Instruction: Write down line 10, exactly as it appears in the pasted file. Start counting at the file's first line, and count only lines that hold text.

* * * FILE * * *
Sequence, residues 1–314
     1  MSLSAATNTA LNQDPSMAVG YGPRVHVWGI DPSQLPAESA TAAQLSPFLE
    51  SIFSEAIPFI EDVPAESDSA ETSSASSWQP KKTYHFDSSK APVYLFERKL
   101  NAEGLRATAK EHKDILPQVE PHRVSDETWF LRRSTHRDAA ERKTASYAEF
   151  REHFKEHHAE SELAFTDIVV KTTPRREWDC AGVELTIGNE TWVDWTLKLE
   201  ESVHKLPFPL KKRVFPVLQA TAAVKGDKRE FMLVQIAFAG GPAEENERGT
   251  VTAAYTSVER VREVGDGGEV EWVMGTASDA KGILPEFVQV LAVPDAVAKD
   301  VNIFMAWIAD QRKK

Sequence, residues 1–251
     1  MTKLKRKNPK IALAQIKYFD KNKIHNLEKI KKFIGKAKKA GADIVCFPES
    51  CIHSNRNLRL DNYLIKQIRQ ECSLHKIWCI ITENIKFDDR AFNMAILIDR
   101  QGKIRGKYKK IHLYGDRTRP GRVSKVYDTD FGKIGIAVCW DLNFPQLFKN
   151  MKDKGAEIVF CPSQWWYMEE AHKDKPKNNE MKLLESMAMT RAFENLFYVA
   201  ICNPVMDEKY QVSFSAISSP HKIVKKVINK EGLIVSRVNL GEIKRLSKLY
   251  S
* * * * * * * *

     1  MTKLKRKNPK IALAQIKYFD KNKIHNLEKI KKFIGKAKKA GADIVCFPES